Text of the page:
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The Forms of Discipline: Christina Rossetti's Religious Verse

From: Victorian Poetry
Volume 51, Number 3, Fall 2013
pp. 311-330 | 10.1353/vp.2013.0021

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The Christina Rossetti of literary history is very different from the Christina Rossetti of Victorian Britain. Canonization has reduced her body of work to a tiny fraction of what it once was; as Sharon Smulders notes, although Rossetti wrote "over a thousand poems . . . six volumes of devotional prose, two collections of fiction, and [a] juvenile novella," her fame "rests largely on 'Goblin Market' and a few short, melancholy lyrics." These few survivors form an unrepresentative sample, overwhelmingly drawn from her earlier works. Meanwhile, despite its success in her own lifetime—"over twenty-one thousand copies" of her last volume of poetry, Verses, had been printed by 1912—Rossetti's late devotional poetry has often been ignored by present-day readers. Even when scholars turn their attention to this poetry, it is often with an air of disappointment. Critics tend to read this body of work as an unimpressive footnote to her earlier accomplishments: exhausted, weary, and self-denying, revealing a poet who has traded vigor for dogma. Her devotional poetry has been characterized as full of "endless, futile repetition and finally resignation" and obsessed with a "sense of imprisonment within a small and shrinking universe of meaning." Even Isobel Armstrong's sympathetic account of Rossetti in her Victorian Poetry: Poetry, Poetics, Politics dismisses her late poetry, flatly claiming that "it is in Christina Rossetti's earlier poetry that her most powerful energies are at play." Rossetti's devotional verse, widely read in her lifetime, has been ignored or rejected in ours. In effect, we have created two Rossettis: the widely admired early Rossetti, welcome in classrooms and anthologies, and the late Rossetti, banished to the archive.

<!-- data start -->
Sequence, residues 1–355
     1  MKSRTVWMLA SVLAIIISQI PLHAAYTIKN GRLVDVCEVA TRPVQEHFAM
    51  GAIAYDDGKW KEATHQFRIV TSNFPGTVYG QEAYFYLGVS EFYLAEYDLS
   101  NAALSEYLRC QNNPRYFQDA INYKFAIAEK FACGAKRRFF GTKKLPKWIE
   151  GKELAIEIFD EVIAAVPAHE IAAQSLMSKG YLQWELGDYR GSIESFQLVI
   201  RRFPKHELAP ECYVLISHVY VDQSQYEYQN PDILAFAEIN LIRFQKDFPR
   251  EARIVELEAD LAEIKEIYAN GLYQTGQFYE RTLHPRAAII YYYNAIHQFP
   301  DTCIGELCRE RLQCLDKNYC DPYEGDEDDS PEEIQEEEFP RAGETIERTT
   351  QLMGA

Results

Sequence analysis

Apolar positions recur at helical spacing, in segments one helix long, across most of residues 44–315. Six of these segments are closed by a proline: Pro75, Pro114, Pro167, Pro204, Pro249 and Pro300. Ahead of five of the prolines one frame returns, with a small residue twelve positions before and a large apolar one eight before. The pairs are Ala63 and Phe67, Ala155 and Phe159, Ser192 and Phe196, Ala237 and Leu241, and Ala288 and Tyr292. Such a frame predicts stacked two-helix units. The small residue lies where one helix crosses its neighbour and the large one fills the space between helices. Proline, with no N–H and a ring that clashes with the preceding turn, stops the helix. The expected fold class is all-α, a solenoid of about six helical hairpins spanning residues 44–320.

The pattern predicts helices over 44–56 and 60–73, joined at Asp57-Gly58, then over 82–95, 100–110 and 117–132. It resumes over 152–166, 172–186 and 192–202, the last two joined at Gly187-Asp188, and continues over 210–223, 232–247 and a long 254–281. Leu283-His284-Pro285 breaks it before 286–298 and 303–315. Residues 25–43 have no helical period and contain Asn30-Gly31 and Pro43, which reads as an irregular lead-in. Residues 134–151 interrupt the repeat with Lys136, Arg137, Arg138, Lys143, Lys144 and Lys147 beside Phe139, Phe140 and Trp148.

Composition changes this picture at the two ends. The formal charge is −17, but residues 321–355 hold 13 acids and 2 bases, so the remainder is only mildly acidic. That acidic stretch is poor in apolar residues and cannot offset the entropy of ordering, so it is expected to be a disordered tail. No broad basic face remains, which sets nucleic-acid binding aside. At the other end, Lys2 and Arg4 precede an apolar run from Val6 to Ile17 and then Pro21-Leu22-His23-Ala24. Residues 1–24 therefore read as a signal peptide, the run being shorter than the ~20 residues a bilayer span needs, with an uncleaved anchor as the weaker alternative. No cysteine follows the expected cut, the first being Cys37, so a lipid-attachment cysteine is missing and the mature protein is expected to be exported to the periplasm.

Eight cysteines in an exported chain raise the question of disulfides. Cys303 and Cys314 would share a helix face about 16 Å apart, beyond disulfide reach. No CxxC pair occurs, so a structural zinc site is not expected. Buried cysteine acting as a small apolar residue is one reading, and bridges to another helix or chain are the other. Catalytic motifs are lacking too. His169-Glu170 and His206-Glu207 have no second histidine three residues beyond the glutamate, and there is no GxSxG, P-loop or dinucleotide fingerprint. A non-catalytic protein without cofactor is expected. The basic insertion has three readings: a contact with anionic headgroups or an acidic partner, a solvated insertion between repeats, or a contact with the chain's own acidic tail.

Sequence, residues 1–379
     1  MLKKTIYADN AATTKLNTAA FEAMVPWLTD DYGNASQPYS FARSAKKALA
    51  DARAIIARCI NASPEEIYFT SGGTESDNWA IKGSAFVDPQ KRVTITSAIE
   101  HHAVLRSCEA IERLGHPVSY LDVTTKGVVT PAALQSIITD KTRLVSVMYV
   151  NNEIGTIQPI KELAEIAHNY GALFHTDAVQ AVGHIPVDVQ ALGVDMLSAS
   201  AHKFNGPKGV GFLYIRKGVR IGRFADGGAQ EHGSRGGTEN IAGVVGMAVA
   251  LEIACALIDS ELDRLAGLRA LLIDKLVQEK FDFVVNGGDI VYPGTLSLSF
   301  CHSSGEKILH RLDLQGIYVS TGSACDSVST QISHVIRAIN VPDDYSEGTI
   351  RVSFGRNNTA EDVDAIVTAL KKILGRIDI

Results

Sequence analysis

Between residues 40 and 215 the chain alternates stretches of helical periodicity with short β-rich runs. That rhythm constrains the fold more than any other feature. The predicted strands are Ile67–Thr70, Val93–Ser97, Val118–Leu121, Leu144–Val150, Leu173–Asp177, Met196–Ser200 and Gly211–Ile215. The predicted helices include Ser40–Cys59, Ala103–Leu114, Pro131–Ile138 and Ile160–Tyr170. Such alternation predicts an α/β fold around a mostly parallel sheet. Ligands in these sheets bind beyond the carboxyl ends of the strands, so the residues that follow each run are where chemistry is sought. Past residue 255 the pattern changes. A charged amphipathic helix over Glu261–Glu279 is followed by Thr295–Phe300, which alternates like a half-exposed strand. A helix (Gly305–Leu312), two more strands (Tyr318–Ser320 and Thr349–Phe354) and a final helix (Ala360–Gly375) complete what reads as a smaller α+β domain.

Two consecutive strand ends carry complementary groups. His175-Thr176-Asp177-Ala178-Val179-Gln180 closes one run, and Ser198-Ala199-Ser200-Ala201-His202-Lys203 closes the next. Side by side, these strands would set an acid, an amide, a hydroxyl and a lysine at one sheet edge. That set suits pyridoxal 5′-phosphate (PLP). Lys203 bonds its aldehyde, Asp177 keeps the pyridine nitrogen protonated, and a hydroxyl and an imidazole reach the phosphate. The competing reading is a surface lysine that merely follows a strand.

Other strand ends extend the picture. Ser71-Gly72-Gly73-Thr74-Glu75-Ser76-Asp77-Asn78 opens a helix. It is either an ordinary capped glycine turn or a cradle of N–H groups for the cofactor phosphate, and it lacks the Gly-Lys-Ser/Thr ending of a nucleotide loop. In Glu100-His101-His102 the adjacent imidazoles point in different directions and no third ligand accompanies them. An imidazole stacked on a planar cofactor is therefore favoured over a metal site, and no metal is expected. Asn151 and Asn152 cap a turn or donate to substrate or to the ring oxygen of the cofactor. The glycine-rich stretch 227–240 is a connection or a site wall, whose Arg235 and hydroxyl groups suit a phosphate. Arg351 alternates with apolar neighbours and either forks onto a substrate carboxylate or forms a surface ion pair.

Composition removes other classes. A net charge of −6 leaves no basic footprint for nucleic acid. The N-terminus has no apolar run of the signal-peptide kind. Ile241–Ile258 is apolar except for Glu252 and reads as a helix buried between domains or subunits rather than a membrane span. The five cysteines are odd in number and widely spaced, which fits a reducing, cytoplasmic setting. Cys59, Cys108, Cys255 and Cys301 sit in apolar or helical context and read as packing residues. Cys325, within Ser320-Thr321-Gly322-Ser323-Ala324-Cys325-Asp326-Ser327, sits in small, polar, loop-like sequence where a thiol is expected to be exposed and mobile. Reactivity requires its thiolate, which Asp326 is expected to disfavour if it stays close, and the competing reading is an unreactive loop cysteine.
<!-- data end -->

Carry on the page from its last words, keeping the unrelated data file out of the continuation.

Some signs show that this trend might be changing. Scholars have paid increasing attention to Rossetti's religious beliefs, linking her work to the larger Victorian debates over Tractarianism. By reminding us of the importance of Rossetti's Christian faith, recent criticism has prepared the ground for reconsidering this later poetry. Much of this scholarship on Rossetti's devotional poetry tends to be biographical and historicist in nature, and it makes an indispensable contribution to our understanding of Rossetti. But although this scholarship rightly acknowledges her devotional poetry, it does not address the charges critics have made against it. Thematic and biographical criticism, however accomplished, cannot answer a dismissal based on stylistic or formal grounds. Even the scholarship that focuses on Rossetti's religious verse—for instance, Smulders' Christina Rossetti Revisited and Constance Hassett's Christina Rossetti: The Patience of Style —emphasizes content over form and style. Thus Smulders' marvelous analysis of Verses describes how the sonnet sequences can be understood as a "pilgrimage" (p. 168) with close reading taking a back seat to summary. And Hassett's study offers a largely thematic reading of Verses, in contrast to the rich stylistic analysis it gives Rossetti's earlier work. Since the religious poetry is largely read biographically or thematically, the idea that Rossetti's devotional poetry is passive, resigned, and exhausted can linger on unchallenged. Consequently, we overlook much of the poetry that made her work so popular with her Victorian readers.

But what if we were to read Rossetti's late poetry, not as a footnote to her widely read early work, but as a central part of Rossetti's formal accomplishments? In this reading of the devotional poetry, we see how she embraces both restrained verse forms and a repetitive but resourceful style to create religious verse that moves from despair and resignation to determined activity. This argument thus modifies Amy Billone's claim that Rossetti's sonnets are an "overpowering celebration of selfhood"; her poetry celebrates not the self as it is but religion's power to discipline and remake it. She uses poetry—particularly the sonnet's restrained form—to model how a self gradually conforms to Christian virtues. The style of her poetry and the religious content reinforce one another, both emphasizing the slow, difficult reshaping of the self that Rossetti places at the heart of Christian practice. Hence the best term to describe the preoccupation of her religious verse is not "renunciation" or "restraint," but "discipline." And while she certainly chooses to renounce a world she sees as...



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